The following piece, written by the editorial editors, reflects the majority opinion of the editorial board.
Love and Honor. Those two things, apparently, are the basis of all things Miami now. Emit love and honor in your interactions, represent your Miami community gracefully, speak to each other with respect. But the truth is that Love and Honor began simply as a big marketing campaign to match our fight song. It’s only just started to mean something real. So, in a value-based community such as ours, what does it mean that we accept, without statement for the rest of the community, without a display of love or honor, Breitbart News editor Milo Yiannopoulos’ visit to campus?
In a hyper locked-down Harry T. Wilks Theater, surrounded by more than 10 Miami University police officers, one police K9 and over 250 supporters, Yiannopoulos railed against liberal college students for demanding safe spaces. Under the protection of the local MUPD, Yiannopoulos, a quick thinker and debater, covered topics ranging from the inherent violence of Islam, how Title IX has apparently destroyed gender relations, how he (an open homosexual) wished electroshock therapy worked, and a “fat fucking faggot” professor, among other things.
Then, there was our favorite:
“If there was something that idiot should have driven his car into, it was the gender studies department,” in reference to the attack at Ohio State last week.
Just next door in Upham Hall, former speechwriter for the Obama administration Kevin Samy held a more progressive alternative. Samy spoke to students and faculty about the threat that the alt-right movement presents for Americans today, running parallel to Yiannopoulos’ talk. While the latter was touting hate speech and disguising it as fact with biased statistics (indeed, he said that 1 in 4 rape statistic commonly cited today wasn’t true), Samy discussed the alt-right movement as a front for white supremacy and hyper-masculinity.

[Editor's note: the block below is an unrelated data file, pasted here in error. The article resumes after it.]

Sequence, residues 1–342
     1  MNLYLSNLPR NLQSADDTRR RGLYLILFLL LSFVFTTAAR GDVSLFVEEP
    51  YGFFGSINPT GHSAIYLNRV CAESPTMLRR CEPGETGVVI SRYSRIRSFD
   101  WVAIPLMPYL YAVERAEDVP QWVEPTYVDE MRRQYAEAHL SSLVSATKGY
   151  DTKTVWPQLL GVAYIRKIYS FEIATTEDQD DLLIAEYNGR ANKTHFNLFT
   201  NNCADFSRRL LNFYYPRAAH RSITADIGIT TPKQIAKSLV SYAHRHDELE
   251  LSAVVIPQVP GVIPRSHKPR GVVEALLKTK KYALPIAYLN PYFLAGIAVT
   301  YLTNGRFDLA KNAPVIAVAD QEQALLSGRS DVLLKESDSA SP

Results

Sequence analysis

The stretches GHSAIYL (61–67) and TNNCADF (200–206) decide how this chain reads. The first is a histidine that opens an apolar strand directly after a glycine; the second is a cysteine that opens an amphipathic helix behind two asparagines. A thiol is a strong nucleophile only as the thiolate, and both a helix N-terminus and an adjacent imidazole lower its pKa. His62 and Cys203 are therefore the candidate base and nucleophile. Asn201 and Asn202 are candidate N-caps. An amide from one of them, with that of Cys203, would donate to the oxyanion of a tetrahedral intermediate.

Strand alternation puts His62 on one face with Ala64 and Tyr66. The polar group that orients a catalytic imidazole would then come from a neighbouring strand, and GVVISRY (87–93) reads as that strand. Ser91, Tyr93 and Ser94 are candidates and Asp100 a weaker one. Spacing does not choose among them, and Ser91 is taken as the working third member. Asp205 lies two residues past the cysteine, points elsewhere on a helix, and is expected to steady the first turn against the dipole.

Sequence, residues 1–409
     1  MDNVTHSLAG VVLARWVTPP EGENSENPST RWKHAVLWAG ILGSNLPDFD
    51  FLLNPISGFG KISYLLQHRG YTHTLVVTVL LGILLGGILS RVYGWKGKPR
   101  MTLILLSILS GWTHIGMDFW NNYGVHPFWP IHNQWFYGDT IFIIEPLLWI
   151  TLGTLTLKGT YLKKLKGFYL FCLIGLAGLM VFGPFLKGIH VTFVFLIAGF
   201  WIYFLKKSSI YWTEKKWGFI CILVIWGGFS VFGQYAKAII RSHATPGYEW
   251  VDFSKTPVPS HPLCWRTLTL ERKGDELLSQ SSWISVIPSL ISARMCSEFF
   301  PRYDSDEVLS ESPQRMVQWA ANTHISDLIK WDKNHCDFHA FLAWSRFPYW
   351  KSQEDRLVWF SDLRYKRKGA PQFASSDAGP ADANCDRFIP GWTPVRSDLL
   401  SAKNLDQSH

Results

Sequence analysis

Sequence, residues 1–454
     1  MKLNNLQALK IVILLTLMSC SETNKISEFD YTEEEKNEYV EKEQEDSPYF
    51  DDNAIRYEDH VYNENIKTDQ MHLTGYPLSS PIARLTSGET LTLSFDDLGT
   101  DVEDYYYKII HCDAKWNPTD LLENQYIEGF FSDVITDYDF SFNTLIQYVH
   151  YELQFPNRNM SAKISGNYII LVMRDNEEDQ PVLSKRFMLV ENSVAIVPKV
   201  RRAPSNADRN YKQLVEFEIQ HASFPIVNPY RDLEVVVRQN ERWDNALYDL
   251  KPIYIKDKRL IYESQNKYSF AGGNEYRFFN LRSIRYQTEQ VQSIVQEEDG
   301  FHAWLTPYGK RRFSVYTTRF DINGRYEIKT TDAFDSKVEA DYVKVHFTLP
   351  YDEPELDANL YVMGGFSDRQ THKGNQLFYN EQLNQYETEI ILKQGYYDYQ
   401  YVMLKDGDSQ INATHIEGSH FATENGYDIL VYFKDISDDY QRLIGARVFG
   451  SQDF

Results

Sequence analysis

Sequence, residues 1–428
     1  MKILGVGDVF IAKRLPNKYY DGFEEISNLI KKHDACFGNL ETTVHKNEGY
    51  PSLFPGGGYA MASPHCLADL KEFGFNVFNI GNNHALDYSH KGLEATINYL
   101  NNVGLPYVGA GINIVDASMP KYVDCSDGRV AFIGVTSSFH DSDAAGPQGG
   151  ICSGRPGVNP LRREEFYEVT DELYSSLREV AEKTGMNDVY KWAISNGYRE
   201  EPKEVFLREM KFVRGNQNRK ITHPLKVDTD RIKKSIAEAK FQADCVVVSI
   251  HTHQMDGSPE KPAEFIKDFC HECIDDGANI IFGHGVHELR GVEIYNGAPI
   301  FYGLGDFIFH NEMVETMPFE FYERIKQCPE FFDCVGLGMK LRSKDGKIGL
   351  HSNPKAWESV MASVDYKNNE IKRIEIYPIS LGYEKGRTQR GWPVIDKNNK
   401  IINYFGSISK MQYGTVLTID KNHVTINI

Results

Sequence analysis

In many ways, the parallel — but ideologically and physically separate — talks are representative of the overall climate in the country. In one, an almost unanimously white crowd looked on at an entertaining, largely inaccurate, bigoted, incendiary, rich white public speaker. On the other side, a man of color presented a narrative emphasizing awareness and the necessity of active citizenship and participation.
America is great because these two narratives can coexist. But legitimizing one of them would be giving it the credibility, the validity, it doesn’t deserve. And it would take away from the steps that Miami has attempted to take through its Love and Honor campaign.
As Ceili Doyle points out in her article on Samy’s visit, only about one to three percent of Trump supporters are alt-right. Yiannopoulos and his disgraceful rhetoric doesn’t represent the majority on this campus, nor does it represent many of the Republicans in America. Yet, it emboldens a racist, misogynistic and dishonest, uninformed narrative, one that ignores the truths of this country and that actively works against the alleged values of the university.
So, to get back to our original question: what does it mean that our value-based community allowed for this rhetoric to happen on campus, in its most central building, without a statement? It emphasizes the fact that the campaign of Love and Honor is missing one crucial thing: respect.
A campus that respects its students wouldn’t bring someone as unqualified and deeply pathetic as Yiannopoulos to speak. A campus that respects its students would attempt to engage both sides in dialogue. Certainly, at its most basic level, a campus that respects its students would react in some way against a speaker that is actively against Title IX, especially after all of the “celebrated” efforts that the campus has been taking for victims of sexual assault.
But Love and Honor doesn’t include respect.
How many more Yiappolousesque speakers will it take before the Miami community indeed rises to the occasion and stands up for what we hold in high regard?